The idea of a centralised power market where you have “one power price” for a particular country or region is the norm throughout most of the world. However, with the build-up of intermittent renewables, most of which is going into the local or distribution grid, there are increasing issues in transporting that to other regions and there has to be a big question mark whether one centralised power price gives the best price signal to enable the most efficient and cost effective integration or renewables into the system. The good news is that we do have cost effective and secure distributed database technologies such as blockchain  which could make peer-to-peer power trading a reality while at the same time reducing costs to end customers.

One of the issues with the build out of renewables is that usually requires upgrades in grid infrastructure which push grid changes up for people living in that area (for example in Cornwall in the South East of England).  In addition, in many parts of the world investments in grid have not kept pace with increases in renewables which means that oftentimes renewables are not taken into the grid and are simply curtailed. So for instance, in 2015 Chinese curtailment of wind totalled 34bn kilowatt hours which is enough to power 8.5m households for a year. But this is not just in China. In 2014, in Ireland some 4.1% of total available wind energy was curtailed. In Germany, some 1,580GWh (1.16% of all renewable produced) was curtailed which is enough to power over 400,000 German homes for a year. To make matters worse, in the case of Germany, the renewable asset owner is actually paid when his asset is curtailed which means the end consumers pays for power that is not used!

The obvious solution is to build out the grid but this is exceptionally time consuming and expensive. One alternative is to create local power markets. By doing this a region like West Ireland or the Scottish Highlands could provide a price signal locally which would incentivise customers to put in storage (hot water and batteries) and flexibilise their demand profiles.  You could even envisage the local utility giving power for free to the local swimming pool or to the energy poor. And the result of it would be a drop in curtailment which would also would negate the need for grid build out.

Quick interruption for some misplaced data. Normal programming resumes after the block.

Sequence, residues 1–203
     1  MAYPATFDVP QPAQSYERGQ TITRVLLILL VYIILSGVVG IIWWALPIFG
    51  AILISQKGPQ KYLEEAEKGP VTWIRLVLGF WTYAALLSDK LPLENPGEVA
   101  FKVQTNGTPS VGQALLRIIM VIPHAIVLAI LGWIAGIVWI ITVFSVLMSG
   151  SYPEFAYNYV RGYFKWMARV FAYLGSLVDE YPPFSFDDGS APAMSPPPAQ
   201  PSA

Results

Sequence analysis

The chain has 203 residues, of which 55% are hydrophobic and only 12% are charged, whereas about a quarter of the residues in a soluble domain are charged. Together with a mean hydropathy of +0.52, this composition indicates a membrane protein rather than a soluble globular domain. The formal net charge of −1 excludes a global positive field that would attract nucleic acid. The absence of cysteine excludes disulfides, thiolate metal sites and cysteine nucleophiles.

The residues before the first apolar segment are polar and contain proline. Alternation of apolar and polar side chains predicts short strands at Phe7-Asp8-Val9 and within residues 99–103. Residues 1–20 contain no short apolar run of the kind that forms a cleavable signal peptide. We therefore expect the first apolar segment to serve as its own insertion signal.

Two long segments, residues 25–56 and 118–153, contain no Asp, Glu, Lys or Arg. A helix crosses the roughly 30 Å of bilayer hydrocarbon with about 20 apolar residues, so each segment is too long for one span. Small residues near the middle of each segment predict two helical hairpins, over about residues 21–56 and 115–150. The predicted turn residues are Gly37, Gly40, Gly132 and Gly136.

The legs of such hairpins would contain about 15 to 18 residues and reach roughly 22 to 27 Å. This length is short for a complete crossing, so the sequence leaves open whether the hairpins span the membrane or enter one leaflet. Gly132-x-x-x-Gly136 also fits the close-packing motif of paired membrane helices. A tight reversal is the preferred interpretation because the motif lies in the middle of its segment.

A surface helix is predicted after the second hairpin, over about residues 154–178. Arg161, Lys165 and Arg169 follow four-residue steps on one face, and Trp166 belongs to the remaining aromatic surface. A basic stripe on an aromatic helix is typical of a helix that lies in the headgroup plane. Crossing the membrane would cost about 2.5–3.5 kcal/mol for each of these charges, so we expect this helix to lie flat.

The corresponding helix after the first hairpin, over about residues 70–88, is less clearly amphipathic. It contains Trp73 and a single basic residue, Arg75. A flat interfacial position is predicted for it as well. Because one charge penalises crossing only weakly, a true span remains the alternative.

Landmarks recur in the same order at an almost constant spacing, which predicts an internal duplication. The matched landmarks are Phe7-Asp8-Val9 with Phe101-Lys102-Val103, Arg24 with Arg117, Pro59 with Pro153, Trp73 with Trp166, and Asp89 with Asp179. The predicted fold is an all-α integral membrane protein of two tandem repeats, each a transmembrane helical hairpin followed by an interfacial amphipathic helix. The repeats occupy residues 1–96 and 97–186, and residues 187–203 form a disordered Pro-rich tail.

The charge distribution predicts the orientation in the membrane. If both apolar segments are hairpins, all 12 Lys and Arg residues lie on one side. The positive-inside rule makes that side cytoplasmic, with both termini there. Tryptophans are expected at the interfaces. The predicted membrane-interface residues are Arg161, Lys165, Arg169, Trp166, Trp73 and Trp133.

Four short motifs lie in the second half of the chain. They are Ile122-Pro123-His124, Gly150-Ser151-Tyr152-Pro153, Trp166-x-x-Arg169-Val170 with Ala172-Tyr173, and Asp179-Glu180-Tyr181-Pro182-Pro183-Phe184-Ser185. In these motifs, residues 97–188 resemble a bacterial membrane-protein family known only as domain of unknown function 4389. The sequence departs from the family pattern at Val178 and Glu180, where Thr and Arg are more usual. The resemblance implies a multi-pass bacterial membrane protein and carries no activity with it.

Taking this a step further, the use of blockchain would also enable pro-consumers where energy users are also energy generators, transacting directly with each other or through community energy schemes, or via aggregators or local utilities. This would decrease inefficiencies in the grid caused by moving renewables (most of which is in the distribution grid) up to the medium and high voltage grid and then back down again to bring it to another customer in another region, which is not only expensive but also inefficient, given that depending on the country, some 5-10% of total generation is lost by doing this and never actually reaches the final end user!

The other advantage of embracing technologies such as blockchain is that not only do they enable distributed energy technologies but they also will make it easier and more cost effective to integrate new technologies such as electrical vehicles, distributed networks, energy storage, and the internet of things into our power system. And all of this will make our world a safer and cleaner place to live.    Send article as PDF   
  • Tags:
  • blockchain ,
  • decentralised generation ,
  • distributed networks ,
  • electrical vehicles ,
  • energy storage ,
  • Internet of Things ,
  • power market ,
  • renewables ,

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